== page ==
Senator ANDERSON. Kentucky Whip and Collar Co. is not exactly a recent case,

I take it. Mr. BENNETT. No; it isn't. Those cases all had to do with congressional statutes which in one form or another rendered State laws applicable to subject matter which, in the absence of congressional action, would have been within the exclusive jurisdiction of the Federal Government.

In other words, in the absence of congressional action, the State laws could not have been made applicable to the subject matter.

Senator BARRETT. The same principle would apply to this particular piece of legislation we have here.

Mr. BENNETT. I will leave that to the committee's judgment.

Of course I think there are two cases dealing with maritime jurisdiction which reach a contrary conclusion. One of them is the case you mentioned, Senator Barrett. Knickerbocker Ice Company v. Stewart (253 U. S. 149). What happened in the Knickerbocker case is that the Federal Government attempted to save to maritime employees their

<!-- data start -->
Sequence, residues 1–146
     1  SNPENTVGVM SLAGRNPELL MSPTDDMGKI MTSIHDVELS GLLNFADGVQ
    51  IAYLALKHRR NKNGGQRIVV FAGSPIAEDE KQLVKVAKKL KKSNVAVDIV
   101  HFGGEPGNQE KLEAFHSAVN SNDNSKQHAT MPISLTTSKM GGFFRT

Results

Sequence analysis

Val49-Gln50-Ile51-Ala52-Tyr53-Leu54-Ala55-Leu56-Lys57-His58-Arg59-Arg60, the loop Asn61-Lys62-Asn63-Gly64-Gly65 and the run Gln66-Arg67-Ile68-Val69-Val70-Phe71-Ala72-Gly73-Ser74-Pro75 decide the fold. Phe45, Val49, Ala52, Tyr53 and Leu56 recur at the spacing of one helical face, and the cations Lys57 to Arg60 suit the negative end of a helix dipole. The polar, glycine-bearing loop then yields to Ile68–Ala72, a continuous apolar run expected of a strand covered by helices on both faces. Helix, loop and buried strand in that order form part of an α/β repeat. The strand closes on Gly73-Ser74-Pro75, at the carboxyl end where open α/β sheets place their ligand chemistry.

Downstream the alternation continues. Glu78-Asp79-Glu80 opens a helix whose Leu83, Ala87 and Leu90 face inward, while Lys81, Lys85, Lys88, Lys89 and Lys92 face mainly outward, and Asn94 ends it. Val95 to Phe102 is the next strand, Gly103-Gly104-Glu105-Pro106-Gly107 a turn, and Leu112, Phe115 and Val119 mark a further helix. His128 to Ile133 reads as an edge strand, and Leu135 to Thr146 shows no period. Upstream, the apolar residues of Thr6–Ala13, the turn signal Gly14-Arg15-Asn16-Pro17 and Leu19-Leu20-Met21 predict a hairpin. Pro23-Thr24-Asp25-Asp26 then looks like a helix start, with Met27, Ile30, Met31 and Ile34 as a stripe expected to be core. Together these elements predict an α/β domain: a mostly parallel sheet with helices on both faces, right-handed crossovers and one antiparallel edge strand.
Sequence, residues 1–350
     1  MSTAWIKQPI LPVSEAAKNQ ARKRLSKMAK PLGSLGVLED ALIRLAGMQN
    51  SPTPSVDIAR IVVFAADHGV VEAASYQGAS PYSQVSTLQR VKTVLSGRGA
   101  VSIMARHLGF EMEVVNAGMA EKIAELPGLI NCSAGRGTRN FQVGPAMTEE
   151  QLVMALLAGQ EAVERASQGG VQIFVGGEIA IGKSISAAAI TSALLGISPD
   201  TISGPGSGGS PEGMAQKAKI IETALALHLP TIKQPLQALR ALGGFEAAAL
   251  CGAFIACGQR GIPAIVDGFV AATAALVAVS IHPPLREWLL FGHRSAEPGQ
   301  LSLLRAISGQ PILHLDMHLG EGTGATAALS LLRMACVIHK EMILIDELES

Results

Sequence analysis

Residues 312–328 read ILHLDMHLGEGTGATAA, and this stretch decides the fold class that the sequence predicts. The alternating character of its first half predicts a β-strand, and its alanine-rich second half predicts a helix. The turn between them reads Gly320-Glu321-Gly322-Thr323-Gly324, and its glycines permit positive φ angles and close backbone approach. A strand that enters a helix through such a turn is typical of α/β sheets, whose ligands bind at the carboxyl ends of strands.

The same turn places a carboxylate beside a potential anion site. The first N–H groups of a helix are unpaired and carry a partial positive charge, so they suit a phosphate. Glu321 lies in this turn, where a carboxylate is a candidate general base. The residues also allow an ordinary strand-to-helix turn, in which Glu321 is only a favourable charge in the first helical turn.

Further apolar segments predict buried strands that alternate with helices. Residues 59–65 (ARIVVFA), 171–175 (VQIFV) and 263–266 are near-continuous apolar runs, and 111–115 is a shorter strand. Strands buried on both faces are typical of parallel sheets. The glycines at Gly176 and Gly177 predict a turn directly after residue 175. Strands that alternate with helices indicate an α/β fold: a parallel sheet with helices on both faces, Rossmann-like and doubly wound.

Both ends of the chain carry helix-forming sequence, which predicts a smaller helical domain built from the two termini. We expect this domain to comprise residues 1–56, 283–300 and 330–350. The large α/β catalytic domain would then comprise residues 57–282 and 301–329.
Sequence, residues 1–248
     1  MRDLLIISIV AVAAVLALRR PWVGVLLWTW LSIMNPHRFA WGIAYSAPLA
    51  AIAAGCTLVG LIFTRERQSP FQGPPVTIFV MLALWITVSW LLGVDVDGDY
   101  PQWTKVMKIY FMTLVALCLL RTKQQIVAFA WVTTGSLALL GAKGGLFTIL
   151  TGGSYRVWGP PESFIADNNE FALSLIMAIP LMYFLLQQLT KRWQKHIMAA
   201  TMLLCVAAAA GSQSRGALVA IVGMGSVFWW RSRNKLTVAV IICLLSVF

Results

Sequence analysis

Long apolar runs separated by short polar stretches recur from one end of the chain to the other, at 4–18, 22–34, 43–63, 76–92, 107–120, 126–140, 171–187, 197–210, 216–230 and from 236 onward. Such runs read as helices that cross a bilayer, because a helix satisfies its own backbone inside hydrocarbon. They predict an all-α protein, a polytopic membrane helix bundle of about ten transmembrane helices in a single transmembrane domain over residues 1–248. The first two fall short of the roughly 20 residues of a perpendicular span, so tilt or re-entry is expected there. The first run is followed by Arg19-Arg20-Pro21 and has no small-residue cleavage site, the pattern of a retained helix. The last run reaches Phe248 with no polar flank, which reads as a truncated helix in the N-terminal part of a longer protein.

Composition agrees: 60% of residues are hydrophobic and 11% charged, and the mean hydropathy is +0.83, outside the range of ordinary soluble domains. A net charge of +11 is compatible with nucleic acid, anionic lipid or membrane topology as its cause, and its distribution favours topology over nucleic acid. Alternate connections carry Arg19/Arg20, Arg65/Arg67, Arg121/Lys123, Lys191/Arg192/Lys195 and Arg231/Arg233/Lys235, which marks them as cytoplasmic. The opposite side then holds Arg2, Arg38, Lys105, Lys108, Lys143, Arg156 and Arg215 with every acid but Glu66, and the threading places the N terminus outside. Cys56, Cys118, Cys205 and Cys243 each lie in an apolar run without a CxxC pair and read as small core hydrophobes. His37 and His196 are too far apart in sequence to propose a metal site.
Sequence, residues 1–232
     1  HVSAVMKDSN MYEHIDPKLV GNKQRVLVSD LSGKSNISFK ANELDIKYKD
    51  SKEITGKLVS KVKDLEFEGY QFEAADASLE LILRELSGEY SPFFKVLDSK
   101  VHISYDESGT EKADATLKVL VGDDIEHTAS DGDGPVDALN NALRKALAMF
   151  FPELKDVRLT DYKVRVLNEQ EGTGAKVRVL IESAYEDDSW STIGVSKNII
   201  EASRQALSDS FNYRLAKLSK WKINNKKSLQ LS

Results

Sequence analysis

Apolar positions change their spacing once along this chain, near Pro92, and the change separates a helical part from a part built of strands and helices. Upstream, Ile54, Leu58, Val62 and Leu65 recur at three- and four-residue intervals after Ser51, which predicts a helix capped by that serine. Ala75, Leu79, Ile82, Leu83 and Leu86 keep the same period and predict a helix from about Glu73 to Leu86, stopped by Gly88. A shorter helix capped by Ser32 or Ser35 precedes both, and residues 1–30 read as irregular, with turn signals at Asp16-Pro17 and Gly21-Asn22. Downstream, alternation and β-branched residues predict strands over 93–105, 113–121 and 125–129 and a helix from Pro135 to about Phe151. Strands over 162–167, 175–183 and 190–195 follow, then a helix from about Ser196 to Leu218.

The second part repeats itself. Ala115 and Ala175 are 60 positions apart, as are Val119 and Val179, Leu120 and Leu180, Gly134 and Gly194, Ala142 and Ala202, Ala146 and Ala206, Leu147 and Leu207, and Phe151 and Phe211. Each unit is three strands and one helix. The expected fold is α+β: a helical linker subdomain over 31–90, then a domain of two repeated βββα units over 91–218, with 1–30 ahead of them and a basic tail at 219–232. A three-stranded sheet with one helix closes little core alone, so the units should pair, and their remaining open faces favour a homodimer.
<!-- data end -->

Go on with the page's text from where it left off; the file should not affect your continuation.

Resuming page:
rights and privileges under State workmen's compensation laws. The Supreme Court struck that down on the basis that this was a field of jurisdiction which not only was exclusive jurisdiction, so far as the Federal Government was concerned, but it was an area in which the Federal Government had a constitutional obligation to provide uniformity of legislation through the entire 48 States.

The other case dealing with the subject of maritime rights also dealt with a more limited attempt by the Congress to render State workmen's compensation laws applicable to maritime employees. That case was Washington v. Dawson & Company (264 U. S. 219).

The latter decision was rendered in 1924. The decision in the Knickerbocker case was 1920. You had here the quite common situation of an earlier statute having been held unconstitutional. Then Congress endeavors by limiting the scope and extent of the original

statute to satisfy constitutional prohibitions. E Senator BARRETT. Both refer to the admiralty clause of the ConstiE tution.